A sense of hovering, in the grayness under the trees. Anyone been up here?
No I would know. A presence made of presences. Of a cut in the die.
I will return, lie to swallow the earth, to taste the leaves, to partake of the breath.


You want to see something interesting - Gilles speaks slow - the doorway begins to open
The party crosses the trail again, takes a path through scrub - down -across
Scratches to the skin. The dog bounding across holly. A stillness.
Oak trees. Twisted and old. Silence. Like a prayer is being said.
An ancient caretaker looks after, one of the ancient ones- he said
The growing, the placing of leaves against the seasons
And then at the center, an oak with long low boughs that grow out
Away, and back into themselves. The dog woof Tarzan Jane run
The head of a small deer disappear disappear and the wind blows
The first deer for many a year. He has a man who stops hunting on the land.
And the land comes back to the land, and the hills speak gently of their babe


Back to the trail - something interesting - Gilles again
A drop in temperature - a hundred men women children standing in a circle
Enclose us as we walk. Three hills set in a triangle surround.
And three hills more sit across adjacent the valley floor.
The sun peeks through them, showing their bare legs, the skins around their loins
But we are alone. Alone in the brush against the sky.
Climbing up the steeper of the hills - I ask - how much of this land is yours?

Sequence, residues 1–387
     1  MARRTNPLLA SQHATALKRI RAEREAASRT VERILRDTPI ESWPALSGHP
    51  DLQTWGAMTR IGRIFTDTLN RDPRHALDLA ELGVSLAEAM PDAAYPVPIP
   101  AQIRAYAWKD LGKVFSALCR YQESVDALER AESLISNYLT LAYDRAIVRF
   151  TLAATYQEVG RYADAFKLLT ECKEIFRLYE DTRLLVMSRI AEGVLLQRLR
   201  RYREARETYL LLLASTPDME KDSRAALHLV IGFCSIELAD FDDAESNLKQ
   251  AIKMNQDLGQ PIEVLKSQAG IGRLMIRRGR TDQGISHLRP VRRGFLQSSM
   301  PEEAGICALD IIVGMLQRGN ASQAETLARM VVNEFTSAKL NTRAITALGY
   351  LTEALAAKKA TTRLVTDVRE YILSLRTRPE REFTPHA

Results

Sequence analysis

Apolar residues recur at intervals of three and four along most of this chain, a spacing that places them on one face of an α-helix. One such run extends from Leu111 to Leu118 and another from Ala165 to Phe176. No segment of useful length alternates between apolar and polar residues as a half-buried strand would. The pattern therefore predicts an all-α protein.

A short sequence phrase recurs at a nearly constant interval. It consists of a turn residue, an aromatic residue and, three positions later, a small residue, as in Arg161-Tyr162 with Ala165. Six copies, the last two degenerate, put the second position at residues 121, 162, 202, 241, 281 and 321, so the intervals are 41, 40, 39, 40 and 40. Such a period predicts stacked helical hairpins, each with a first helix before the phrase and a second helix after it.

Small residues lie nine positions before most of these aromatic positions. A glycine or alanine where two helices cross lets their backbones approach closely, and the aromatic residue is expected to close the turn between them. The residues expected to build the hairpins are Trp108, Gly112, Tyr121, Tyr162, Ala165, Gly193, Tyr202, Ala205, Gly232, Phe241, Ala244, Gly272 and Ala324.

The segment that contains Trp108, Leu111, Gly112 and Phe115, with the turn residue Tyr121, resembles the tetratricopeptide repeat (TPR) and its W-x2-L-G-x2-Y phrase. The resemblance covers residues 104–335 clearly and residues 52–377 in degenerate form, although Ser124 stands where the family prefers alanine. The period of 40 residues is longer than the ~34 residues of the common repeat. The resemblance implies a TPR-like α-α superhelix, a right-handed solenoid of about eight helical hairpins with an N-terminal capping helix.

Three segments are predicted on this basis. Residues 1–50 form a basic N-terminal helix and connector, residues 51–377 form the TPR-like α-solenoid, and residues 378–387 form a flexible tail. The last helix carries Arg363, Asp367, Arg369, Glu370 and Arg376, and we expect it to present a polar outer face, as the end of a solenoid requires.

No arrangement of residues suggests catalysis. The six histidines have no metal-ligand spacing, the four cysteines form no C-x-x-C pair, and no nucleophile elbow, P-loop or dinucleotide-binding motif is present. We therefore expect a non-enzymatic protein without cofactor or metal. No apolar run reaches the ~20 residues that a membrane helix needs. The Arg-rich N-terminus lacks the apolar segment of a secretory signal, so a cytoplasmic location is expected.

He replies to there - where the horizon dips into haze - I call him a french John Wayne
Like a cattleman proud of his ranch and the land that holds his past


How long has your family had the land - eight hundred years maybe more
Except for two days, when grandfather gambled it away at Montecarlo
The family bought it back. Down the incline we walk, he points to a house
With roman mosaic around a well, then turning picks up rocks, see this fossil
See this too, see the roman irrigation channels, now he's Jacques Cousteau
Loving it - caught in it - the passing of land through body to body - the eyes
cheering the ions on. The wine of life singing.


Disappointed the Bronco sits close. We slow ready to return -
something else interesting - Gilles with a smile -
a large rock, with steps cut into it, and marks, circles, lines.
The rock huge, pushing up over brush, like flesh open to the sun first time
And round on the hills round, seats cut, stalls cut, for the people to sit stand
And a man lying straddling the earth, segmenting with the sky
Almost slipping on its curve this rock, this appendage, body skin on earth skin
And a pounding a trembling of dust swirling, and a shadow cast
The sun beating a straight line, a silence and a trickling of liquid
A spring foaming on the surface, a moment to feed the year
A man tethered in his agony, let loose by the rock and the sky


Proud bumps the 4 wheel drive, the dog biting every branch that swings
The dust covering like a shawl, and the chateau come to view
Off we jump, bid adieu. Thank you for the afternoon. Gilles strides back to house
And I to Simca, carrying a full sack, hungry but empty, nothing to say
But the path has rattled the bones. This is my land. This is my soul.


Contact Giles Denmark Mitchell : gdenmark@le-guide.com